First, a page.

Kienholz Coffee Talk
Maybe you know how it feels to be on the "sidelines" at social gatherings. It gets embarrassing to ask others to repeat. Or you watch TV and others complain it's too loud and you end up not understanding.
What is happening?
You are actually listening harder than anyone else, but the words you hear don't make sense. (It's just like playing Wheel of Fortune all day long, but with live conversation!) Our brain is receiving incomplete words, with vital parts missing. We could be in the midst of a sea of laughter and smiling faces and still feel alone.
But you're not alone. Too many attest to the same dilemma. What has happened is an active, full life has worn down your auditory system. Our hearing is one of four functions in life that are very important to us on a daily basis. It is absolutely incredible that its significance is rarely understood and easily neglected. Why?
- How many of us have had dental work? We need to eat. Every day we need energy, "the boilers fueled", METABOLISM to occur. It all begins with chewing, mastication. We've been going to the dentist since we were five.
- How many of us wear glasses? We're not blind, but when our vision got fuzzy we sought help. We require NAVIGATION in order to get around.
- Many of us have had our knees scoped or hips replaced. We need MOBILITY, to reach our destination, be it the next room, the house of a friend, a coffee-shop, a golf outing, a church function.
- Upon reaching our destination, we desire and need connection with people-friends, family, fellow-workers. CONNECTION - Our hearing, more than any other sense or bodily function, connects us to our friends and family. Our ears are the windows to our heart. Our hearing needs attention, too. Being an" invisible" problem unfortunately slows our response in seeking help. Now more than ever you need the assistance of a professional.
"There I was, in the midst of the birthday party my family had worked so hard to put together, yet I could hardly understand the conversations, jokes, or congratulations. All night long, I felt like a 'deer caught in the headlights'. I wanted to crawl into a corner and hide."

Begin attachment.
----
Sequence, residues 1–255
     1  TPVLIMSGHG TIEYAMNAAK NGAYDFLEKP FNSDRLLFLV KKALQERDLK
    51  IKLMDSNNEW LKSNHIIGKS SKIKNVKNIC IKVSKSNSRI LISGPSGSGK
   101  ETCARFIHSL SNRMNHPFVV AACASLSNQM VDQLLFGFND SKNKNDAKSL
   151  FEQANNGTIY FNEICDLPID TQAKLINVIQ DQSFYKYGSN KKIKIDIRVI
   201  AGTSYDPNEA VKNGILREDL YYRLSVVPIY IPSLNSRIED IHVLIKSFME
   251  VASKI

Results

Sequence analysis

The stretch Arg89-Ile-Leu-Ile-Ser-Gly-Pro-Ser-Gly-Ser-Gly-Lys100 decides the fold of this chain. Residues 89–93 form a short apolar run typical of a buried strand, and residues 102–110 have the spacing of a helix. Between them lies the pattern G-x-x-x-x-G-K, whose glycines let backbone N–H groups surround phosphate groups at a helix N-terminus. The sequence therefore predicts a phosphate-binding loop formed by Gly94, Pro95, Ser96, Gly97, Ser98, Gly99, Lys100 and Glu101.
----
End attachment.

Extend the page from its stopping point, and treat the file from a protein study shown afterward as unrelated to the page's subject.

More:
Sound familiar? You can actually be listening harder than anyone else and the words still don't make sense. (1) You listen with your ears, (2) you 'listen' with your eyes, watching who is facing you when they talk, and (3) you listen, cognitively, with your brain, trying to assemble words and sentences with parts missing. You're left guessing, it's stressful, and others get upset as well.
Try this experiment. as simple as it is revealing
Pronounce the word "speech" slowly, out loud: sp -ee-ch. Note that sp & ch (consonant blends) are mere whispers. Don't say spa or cha just sp & ch. They have no power!
Now pronounce the ee. The vowel is strong; you can shout it. Vowels can have up to 90% of the power in many words, but it's the weak, higher pitched consonants that have nearly 90% of the audibility-the clarity-of speech. 90% !!
Therein lies the problem. The consonants are teeming with meaning, but because they're so weak ( only 10% of the power, give or take) they're constantly being smothered, masked, shoved aside by background noise, by others' vowels. You've experienced this in restaurants.
A simple written illustration, part of a letter, helps to clarify this:
"Dear Mom and Dad, How are you? We miss you. Can't wait to get home for Christmas."
Now use the same letter but remove all of the vowels so it looks like this:
"Dr Mm nd Dd, Hw r y? W mss y. Cn't wt t gt hm fr Chrstms!
A little strange no doubt, but no problem. You can still figure it out.Download Full Coffee Talk